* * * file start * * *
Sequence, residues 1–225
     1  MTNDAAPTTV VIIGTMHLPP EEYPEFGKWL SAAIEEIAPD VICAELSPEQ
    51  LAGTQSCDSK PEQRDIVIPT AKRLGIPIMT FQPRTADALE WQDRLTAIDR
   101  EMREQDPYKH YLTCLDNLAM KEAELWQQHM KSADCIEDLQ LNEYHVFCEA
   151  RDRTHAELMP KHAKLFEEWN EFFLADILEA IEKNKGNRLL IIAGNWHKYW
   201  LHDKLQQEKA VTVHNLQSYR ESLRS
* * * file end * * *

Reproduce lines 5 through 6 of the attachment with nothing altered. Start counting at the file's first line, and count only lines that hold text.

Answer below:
   151  RDRTHAELMP KHAKLFEEWN EFFLADILEA IEKNKGNRLL IIAGNWHKYW
   201  LHDKLQQEKA VTVHNLQSYR ESLRS